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I know how to detect if my Python script's stdout is being redirected (>) using sys.stdout.isatty() but is there a way to discover what it's being redirected to?

For example:

python my.py > somefile.txt

Is there a way to discover the name somefile.txt on both Windows and Linux?

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If you're interested in the name of the TTY, there's os.ttyname(fd), which works when os.isatty(fd) is True, and like it, works only on Unix. –  Rosh Oxymoron May 10 '11 at 0:41
What are you going to do with the information? –  Karl Knechtel May 10 '11 at 5:26
@karl - It's for logging purposes. –  Kev May 10 '11 at 12:56

2 Answers 2

up vote 9 down vote accepted

I doubt you can do that in a system-independent way. On Linux, the following works:

import os
my_output_file = os.readlink('/proc/%d/fd/1' % os.getpid())
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Thanks!, works a treat on Linux. I see what you mean about getting it to work in a platform independent way. –  Kev May 10 '11 at 0:20
Note that the result from this readlink seems to be intended mostly for display purposes: If the file is deleted, it will be suffixed with " (deleted)" or if it is an anonymous pipe, you might get a name like "pipe:[1162005]". –  Rosh Oxymoron May 10 '11 at 0:32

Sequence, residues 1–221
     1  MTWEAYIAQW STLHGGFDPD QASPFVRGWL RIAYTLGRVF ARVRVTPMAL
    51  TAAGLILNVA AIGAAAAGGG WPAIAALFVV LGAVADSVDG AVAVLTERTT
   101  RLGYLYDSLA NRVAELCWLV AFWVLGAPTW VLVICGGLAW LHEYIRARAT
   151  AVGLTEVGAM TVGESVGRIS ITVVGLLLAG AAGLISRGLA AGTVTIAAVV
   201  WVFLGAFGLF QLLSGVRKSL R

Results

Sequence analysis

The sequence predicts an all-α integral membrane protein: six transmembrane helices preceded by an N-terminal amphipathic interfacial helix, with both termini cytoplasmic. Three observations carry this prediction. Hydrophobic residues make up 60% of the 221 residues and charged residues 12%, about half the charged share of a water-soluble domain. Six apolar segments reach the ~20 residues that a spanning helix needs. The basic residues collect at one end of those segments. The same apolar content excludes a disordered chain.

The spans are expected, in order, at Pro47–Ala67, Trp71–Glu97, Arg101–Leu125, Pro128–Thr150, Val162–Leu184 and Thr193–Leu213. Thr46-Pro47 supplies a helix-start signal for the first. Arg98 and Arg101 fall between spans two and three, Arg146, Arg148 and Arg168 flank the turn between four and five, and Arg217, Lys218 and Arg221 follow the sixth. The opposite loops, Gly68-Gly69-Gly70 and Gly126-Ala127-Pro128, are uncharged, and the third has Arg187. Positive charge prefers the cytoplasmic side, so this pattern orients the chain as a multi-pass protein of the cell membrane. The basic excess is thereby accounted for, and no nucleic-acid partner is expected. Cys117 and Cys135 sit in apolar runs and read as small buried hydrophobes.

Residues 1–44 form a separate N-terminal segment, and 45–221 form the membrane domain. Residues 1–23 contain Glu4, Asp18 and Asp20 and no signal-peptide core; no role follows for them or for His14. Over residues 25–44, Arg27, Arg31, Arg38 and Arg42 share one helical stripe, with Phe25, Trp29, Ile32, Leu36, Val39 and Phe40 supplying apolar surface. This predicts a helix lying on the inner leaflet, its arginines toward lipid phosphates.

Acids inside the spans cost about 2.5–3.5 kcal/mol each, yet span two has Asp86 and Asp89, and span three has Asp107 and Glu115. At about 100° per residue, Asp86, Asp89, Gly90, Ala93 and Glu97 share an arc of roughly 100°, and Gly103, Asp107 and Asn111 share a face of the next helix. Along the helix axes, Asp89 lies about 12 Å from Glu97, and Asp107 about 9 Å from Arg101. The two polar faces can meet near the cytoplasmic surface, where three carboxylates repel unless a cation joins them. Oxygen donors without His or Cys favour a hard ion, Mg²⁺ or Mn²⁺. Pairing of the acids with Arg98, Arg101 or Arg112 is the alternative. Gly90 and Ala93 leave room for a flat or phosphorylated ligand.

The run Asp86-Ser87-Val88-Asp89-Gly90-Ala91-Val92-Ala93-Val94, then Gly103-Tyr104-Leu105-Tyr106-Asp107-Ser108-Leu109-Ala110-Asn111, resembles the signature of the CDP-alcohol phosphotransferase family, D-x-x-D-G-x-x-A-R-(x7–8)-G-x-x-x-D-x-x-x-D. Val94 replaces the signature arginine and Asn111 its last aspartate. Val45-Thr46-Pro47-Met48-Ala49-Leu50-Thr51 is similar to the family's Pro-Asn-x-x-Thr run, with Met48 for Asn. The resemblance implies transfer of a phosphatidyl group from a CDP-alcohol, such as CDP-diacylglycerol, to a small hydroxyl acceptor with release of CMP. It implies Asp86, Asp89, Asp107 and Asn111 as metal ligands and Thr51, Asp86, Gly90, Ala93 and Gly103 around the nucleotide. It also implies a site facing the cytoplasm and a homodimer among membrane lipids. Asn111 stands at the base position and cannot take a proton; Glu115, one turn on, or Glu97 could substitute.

If you need a platform-independent way to get the name of the file, pass it as an argument and use argparse (or optparse) to read your arguments, don't rely on shell redirection at all.

Use python my.py --output somefile.txt with code such as:

parser = argparse.ArgumentParser()
parser.add_argument('--output', # nargs='?', default=sys.stdout,
                    help="write the output to FILE", 

args = parser.parse_args()
filename = args.output.name

If knowing the name is optional and used for some weird optimization, then use Igor Nazarenko's solution and check that sys.platform is 'linux2', otherwise assume that you don't have the name and treat it as a normal pipe.

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